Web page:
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Milestones: NZ PrEP Study Launches + Improved Access To Generics

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Two exciting developments in the PrEP space:

1) NZ PrEP STUDY

The Auckland-wide NZ PrEP study has launched, with Auckland Regional Sexual Health Services currently enrolling six Auckland-based gay or bisexual men per week.

The main objective for the study is to provide solid evidence to PHARMAC of PrEP's acceptability for the New Zealand market - ultimately leading to what we hope will result in funding of the drug for those who need it.

The study will run for two years - giving free access to Truvada as PrEP for the entire period for 150 men. Funding for the drug comes from the manufacturer, Gilead Sciences Inc.

If you'd like to be a part of NZPrEP, you will need to book an appointment with Auckland Sexual Health to see if you are eligible. 

2) IMPROVED ACCESS TO GENERIC PrEP

Another way to access PrEP could be to get a prescription for Truvada, which early this year was approved by Medsafe for use as PrEP in New Zealand. This prescription could then be used to purchase Truvada in New Zealand (approx. $1000 for a 30-day supply) or a generic equivalent from overseas (approx. $60-100 for a 30-day supply).

This could be an effective way for some people to access PrEP but until now, there were two key issues preventing it getting much traction.

First, it can be difficult to know the quality of imported generic PrEP from overseas. In New Zealand, Medsafe asserts that the risk regarding the quality of imported generic PrEP would fall on the doctor who prescribed it, rather than with the patient who ordered it. This meant that, until recently, doctors were uncomfortable prescribing it for fear of being held liable if the imported PrEP turned out to be poor quality. NZAF pulled together a group consisting of the Medical Protection Society, lawyers and doctors to resolve this issue, believing that the patient has a right to make an informed choice and that they may choose to accept the risks of importing generic PrEP from overseas. In this case the patient can now sign a document that states they understand the risks and are willing to take on the responsibility for the quality and safety of imported generic PrEP.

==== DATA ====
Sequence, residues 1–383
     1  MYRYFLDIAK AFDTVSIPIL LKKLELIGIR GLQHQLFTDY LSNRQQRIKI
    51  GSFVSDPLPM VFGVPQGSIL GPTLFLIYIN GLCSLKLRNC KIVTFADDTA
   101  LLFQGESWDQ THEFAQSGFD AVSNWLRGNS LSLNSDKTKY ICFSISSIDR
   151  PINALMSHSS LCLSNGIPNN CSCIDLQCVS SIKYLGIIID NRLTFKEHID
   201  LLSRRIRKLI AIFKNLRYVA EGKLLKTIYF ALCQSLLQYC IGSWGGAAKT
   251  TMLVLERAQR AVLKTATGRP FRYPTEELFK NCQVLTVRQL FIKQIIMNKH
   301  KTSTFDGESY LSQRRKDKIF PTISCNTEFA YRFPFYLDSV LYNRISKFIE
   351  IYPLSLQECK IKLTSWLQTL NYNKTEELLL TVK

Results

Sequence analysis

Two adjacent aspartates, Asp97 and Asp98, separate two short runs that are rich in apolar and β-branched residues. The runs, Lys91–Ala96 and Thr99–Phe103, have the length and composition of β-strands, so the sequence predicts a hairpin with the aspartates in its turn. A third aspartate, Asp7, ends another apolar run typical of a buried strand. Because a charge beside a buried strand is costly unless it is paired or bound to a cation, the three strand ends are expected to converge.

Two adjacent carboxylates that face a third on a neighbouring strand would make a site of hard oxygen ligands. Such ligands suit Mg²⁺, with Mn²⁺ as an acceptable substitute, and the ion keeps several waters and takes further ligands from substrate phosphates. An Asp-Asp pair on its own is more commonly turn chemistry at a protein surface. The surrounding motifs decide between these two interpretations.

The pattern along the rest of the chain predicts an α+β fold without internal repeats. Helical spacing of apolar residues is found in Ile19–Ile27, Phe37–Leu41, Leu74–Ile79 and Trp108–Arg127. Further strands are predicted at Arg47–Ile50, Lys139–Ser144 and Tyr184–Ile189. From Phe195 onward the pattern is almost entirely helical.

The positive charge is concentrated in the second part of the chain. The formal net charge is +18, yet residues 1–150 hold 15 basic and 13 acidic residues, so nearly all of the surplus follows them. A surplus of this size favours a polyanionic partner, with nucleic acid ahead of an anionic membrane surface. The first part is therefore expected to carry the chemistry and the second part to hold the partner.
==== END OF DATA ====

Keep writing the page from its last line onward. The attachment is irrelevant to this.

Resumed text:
The consent form is now being used by some doctors - allowing individuals to import generic PrEP from overseas.

However, the second issue remains, which is that there still aren’t many doctors in New Zealand who have good knowledge of PrEP. It is more than just a prescription for some pills, it’s part of a comprehensive sexual health programme that includes regular monitoring of HIV status, other STIs and kidney function. It’s important that doctors have good training in order to maximise patient safety and PrEP effectiveness. NZAF is currently advocating for PrEP training for New Zealand doctors.

We have put together a map of doctors around the country who are experienced in HIV and sexual health, and can help you make a decision about whether PrEP is right for you.

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